In the cities, colectivos have an appalling reputation for safety. There are crashes reported in the Lima press every week, mostly caused by the highly competitive nature of the business. There are so many covering the same major routes in Lima that they literally race each other to be the first to the next street corner. They frequently crash, turn over and knock down pedestrians. Equally dangerous is the fact that the driver is in such a hurry that he does not always wait for you to get in. If you’re not careful he’ll pull away while you’ve still got a foot on the pavement, putting you in serious danger of breaking a leg.
Boat transport in Peru isn’t available along the coast. But in many areas, such as Lago Titicaca and especially in the jungle regions, water is the obvious means of getting around.
From Puno, on Lago Titicaca, there are currently no regular services to Bolivia by ship or hydrofoil – though check with the tour agencies in Puno. However, there are plenty of smaller boats that will take visitors out to the various islands in the lake. These aren’t expensive and you can usually negotiate a price down at the port.
In the jungle, you can hire a motorised boat. This is either a covered speedboat with an outboard motor, or an uncovered narrow wooden dugout canoe, with a slow, noisy peque-peque engine. The speedboat is faster but costs a lot more to run.
Your best option is to hire a canoe along with its guide/driver for a few days. If you negotiate you can get a peque-peque canoe for about S/150–240 (US $50-80) per day, which will invariably work out cheaper than taking an organised tour.
Lanchas are the plodding cargo boats that ply the Amazon a few times a week between the major ports. They are cheap (some of them even include meals in the ticket price) and take a few days. Iquitos boats travel to Pucallpa and Yurimaguas, others connect the Colombian/Brazilian border with Peru and Manaus, Brazil.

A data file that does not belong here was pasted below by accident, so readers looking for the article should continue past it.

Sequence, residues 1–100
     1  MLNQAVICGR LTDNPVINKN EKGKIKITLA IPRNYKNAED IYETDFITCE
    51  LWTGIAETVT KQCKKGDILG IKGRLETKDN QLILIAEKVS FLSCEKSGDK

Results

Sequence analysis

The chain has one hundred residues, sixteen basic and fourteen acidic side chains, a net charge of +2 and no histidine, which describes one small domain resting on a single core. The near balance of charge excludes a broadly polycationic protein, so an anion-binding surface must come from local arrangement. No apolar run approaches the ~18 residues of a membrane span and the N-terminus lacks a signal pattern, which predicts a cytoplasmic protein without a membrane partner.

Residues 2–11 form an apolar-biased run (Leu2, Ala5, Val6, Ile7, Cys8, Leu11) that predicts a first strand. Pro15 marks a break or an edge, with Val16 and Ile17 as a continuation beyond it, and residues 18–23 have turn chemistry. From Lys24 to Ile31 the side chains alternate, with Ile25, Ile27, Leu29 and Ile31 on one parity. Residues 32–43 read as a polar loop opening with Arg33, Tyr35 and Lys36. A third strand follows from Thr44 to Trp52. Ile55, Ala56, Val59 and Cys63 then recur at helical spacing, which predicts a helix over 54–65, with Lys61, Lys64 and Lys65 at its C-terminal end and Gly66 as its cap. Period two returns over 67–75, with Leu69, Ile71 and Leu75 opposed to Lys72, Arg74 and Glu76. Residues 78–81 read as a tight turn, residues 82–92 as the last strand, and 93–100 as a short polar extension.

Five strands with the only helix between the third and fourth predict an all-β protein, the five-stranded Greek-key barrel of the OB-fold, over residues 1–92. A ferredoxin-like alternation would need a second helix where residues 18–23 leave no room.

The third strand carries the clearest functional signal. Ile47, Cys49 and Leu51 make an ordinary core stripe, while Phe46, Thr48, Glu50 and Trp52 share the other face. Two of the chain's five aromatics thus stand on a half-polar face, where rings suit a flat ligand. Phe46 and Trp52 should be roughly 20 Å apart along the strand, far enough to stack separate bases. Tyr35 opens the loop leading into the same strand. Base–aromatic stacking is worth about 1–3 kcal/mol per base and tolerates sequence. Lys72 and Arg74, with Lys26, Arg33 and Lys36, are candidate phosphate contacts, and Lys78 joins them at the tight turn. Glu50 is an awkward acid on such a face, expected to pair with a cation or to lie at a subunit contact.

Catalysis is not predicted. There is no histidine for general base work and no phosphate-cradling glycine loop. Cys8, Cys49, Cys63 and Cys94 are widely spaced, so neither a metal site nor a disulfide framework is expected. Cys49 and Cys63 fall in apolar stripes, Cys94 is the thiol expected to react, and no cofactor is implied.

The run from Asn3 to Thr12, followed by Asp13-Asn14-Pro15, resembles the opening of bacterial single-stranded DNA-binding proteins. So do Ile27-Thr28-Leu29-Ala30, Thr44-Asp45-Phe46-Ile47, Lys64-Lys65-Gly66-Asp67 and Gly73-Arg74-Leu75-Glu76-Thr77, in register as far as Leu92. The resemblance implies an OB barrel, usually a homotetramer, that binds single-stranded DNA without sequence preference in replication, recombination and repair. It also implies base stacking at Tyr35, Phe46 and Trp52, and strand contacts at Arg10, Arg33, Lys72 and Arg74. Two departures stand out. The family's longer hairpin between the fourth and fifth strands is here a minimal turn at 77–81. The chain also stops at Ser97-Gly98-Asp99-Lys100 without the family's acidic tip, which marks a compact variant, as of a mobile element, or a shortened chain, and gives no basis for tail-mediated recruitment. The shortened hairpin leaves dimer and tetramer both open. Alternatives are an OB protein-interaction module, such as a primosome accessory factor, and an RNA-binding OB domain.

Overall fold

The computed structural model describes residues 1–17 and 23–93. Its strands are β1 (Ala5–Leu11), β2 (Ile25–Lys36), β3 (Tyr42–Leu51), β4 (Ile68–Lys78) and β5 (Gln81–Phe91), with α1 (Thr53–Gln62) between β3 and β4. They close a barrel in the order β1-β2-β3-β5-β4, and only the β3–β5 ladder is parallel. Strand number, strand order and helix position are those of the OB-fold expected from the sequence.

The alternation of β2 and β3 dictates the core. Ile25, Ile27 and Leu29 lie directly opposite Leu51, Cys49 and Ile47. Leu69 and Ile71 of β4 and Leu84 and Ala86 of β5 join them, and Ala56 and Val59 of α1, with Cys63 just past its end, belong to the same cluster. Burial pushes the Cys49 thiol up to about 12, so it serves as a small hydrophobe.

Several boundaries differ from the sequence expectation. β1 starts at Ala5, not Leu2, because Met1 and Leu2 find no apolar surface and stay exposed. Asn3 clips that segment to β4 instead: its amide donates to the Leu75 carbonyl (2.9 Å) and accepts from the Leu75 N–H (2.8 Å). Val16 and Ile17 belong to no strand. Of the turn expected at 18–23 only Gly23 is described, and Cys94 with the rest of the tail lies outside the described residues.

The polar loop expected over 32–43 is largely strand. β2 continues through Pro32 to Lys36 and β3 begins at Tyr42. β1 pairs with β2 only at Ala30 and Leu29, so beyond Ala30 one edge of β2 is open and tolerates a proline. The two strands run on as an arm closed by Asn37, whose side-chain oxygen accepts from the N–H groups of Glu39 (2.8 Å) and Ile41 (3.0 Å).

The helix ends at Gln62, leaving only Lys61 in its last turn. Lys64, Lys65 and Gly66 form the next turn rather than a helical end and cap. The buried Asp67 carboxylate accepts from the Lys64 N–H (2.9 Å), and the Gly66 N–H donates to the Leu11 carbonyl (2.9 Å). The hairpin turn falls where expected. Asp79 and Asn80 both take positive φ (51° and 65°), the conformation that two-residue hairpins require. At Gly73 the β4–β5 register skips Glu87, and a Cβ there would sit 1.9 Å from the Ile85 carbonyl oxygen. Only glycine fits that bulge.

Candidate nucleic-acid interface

While they can be expensive, organized excursions can be a quick and relatively effortless way to see some of the popular attractions and the more remote sites. Also, a prearranged trek of something like the Inca Trail can ensure that you get decent campsites, a sound meal and help with carrying your equipment if needed.
Many adventure tour companies offer excellent and increasingly exciting packages and itineraries. These range from mountain biking, whitewater rafting, jungle photo-safaris, mountain trekking and climbing, to more comfortable and gentler city and countryside tours.
Tours cost US$60–300 a day (note that most tour operators in Peru charge in US dollars). In Cusco and Huaraz in particular, there’s an enormous selection of operators to choose from.
Cusco: a pretty good base for hiking, whitewater rafting, canoeing, horseriding or going on an expedition into the Amazonian jungle with an adventure tour company.
Reputable tour operators include:
Arequipa and the Cañón del Colca: superb hiking
Reputable tour operators include:
Huaraz: a good base for trekking, mountaineering, mountain biking
Reputable tour operators include:
Iquitos, on the Río Amazonas: one of the best places for adventure trips into the jungle and has a reasonable range of tour operators.
Reputable tour operators include:
Several companies have branches in Lima, if you want to book a tour in advance.
There are hundreds of travel agents and tour operators in Peru, and reps hunt out customers at bus terminals, train stations and in city centres.
Our Rough Guide to Peru has a more comprehensive list of tour operators, with specific information on each one.
Top image: Uros floating island near Puno city, Peru © saiko3p/Shutterstock